(STATUS REPORT - Huge Bucket of Popcorn For Lunch... Think I'm Going to Shit Butter!)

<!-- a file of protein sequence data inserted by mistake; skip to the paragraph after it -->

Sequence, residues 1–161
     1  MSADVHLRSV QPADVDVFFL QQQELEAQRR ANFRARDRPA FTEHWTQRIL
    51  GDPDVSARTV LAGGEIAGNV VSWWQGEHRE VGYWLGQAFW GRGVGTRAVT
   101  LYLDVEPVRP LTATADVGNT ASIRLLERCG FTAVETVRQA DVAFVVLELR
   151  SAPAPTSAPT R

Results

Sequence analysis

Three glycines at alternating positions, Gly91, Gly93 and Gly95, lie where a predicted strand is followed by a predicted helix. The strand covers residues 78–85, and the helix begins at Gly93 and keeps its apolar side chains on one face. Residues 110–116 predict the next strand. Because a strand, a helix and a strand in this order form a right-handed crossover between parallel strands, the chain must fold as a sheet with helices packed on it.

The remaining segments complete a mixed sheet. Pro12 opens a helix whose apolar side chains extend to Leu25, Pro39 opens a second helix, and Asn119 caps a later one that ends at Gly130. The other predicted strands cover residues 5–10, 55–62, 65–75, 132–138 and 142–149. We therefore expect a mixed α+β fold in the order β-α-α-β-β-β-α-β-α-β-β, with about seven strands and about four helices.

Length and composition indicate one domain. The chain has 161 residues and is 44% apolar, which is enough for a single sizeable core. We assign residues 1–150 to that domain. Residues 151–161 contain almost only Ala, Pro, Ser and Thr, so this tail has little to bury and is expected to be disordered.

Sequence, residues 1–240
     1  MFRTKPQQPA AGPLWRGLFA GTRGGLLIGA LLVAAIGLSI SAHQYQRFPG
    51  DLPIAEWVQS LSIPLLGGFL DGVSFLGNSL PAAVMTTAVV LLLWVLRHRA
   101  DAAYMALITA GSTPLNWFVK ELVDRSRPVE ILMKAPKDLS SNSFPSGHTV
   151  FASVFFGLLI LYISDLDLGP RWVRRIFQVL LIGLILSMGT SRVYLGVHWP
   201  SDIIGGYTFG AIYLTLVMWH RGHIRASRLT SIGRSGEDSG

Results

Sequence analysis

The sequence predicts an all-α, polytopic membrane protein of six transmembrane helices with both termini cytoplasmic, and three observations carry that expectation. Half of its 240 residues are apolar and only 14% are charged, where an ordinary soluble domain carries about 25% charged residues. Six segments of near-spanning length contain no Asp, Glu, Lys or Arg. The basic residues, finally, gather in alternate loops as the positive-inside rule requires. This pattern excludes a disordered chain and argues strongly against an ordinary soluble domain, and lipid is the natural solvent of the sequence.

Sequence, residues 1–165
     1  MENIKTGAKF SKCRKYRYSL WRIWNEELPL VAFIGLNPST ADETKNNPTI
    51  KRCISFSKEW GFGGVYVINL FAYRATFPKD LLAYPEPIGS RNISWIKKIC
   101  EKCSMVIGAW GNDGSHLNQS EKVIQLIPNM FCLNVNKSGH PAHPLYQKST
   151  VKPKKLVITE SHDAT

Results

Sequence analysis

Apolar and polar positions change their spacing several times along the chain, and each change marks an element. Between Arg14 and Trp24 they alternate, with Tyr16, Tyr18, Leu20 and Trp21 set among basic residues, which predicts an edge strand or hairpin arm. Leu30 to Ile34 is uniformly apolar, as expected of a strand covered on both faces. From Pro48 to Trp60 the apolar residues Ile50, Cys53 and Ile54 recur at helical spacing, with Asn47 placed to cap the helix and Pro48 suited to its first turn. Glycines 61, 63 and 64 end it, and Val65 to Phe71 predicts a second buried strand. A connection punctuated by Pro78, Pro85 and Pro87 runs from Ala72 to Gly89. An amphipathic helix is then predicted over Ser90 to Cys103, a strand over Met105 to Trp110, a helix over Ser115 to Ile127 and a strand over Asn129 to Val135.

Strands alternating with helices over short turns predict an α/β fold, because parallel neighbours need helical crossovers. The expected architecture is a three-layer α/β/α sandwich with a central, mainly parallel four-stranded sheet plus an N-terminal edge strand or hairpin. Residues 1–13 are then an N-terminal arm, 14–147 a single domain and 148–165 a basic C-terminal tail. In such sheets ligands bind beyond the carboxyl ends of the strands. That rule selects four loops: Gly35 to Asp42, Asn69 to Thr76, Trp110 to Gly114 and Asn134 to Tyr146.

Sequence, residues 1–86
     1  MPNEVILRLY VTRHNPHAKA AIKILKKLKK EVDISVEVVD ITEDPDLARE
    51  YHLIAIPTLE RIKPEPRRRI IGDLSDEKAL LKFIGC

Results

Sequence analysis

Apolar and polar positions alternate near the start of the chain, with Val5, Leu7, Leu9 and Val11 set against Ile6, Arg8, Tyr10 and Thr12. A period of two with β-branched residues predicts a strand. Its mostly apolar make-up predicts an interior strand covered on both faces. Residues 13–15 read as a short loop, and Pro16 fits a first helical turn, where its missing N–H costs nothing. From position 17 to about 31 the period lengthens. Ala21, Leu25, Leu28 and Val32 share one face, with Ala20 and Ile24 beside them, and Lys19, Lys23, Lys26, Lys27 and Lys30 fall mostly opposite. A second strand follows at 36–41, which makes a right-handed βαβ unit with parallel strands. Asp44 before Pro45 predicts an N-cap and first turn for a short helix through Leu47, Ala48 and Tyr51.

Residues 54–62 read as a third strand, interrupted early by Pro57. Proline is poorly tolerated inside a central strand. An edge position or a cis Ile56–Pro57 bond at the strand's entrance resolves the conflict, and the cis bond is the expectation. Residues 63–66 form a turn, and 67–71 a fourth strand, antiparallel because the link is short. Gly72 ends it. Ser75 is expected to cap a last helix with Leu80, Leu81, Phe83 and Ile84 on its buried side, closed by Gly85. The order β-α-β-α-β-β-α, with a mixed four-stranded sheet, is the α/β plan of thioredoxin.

Oh Conan... you Barbarian. This was a pretty fun flick that doesn't really capture the magic of the first Conan film, but it does provide some entertaining moments and gives us a welcomed introduction to Jason Momoa's portrayal of the bad ass barbarian who lives, loves, and slays. The film doesn't hold back on the gore and overabundant violence that a barbarian movie entails, and there are enough diverse and interesting characters to keep the story moving along at a steady pace. What I really appreciated the most from the film was the beautiful landscapes and outlandish locations that sprawl across this two hour epic. The filmmakers did an excellent job in creating the realm of Hyboria and making it a living breathing entity of its own. There's also a great deal of fun to be had with this film as the characters play well off of each other, especially between Conan and Tamara played by Momoa and Rachel Nichols. In the end, I came out of the film not blown away, but wholly satisfied by the fun and bloody barbarian romp through Hyboria.